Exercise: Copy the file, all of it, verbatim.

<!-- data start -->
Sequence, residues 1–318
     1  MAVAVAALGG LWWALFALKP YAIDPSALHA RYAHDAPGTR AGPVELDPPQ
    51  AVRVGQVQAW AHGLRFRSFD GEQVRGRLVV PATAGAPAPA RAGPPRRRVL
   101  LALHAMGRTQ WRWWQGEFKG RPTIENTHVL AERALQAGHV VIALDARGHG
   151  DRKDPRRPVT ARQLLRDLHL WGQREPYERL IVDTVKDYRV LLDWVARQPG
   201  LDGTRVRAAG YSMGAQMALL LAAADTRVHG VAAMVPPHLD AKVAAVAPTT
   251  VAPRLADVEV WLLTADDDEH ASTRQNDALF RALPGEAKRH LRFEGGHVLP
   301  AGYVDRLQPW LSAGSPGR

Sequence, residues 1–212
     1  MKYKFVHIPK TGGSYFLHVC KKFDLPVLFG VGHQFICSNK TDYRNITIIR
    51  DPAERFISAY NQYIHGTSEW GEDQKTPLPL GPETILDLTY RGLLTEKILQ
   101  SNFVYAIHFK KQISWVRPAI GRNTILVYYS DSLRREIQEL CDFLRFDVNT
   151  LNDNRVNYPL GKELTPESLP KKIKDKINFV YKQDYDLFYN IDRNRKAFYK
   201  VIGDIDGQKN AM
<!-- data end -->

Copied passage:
Sequence, residues 1–318
     1  MAVAVAALGG LWWALFALKP YAIDPSALHA RYAHDAPGTR AGPVELDPPQ
    51  AVRVGQVQAW AHGLRFRSFD GEQVRGRLVV PATAGAPAPA RAGPPRRRVL
   101  LALHAMGRTQ WRWWQGEFKG RPTIENTHVL AERALQAGHV VIALDARGHG
   151  DRKDPRRPVT ARQLLRDLHL WGQREPYERL IVDTVKDYRV LLDWVARQPG
   201  LDGTRVRAAG YSMGAQMALL LAAADTRVHG VAAMVPPHLD AKVAAVAPTT
   251  VAPRLADVEV WLLTADDDEH ASTRQNDALF RALPGEAKRH LRFEGGHVLP
   301  AGYVDRLQPW LSAGSPGR

Sequence, residues 1–212
     1  MKYKFVHIPK TGGSYFLHVC KKFDLPVLFG VGHQFICSNK TDYRNITIIR
    51  DPAERFISAY NQYIHGTSEW GEDQKTPLPL GPETILDLTY RGLLTEKILQ
   101  SNFVYAIHFK KQISWVRPAI GRNTILVYYS DSLRREIQEL CDFLRFDVNT
   151  LNDNRVNYPL GKELTPESLP KKIKDKINFV YKQDYDLFYN IDRNRKAFYK
   201  VIGDIDGQKN AM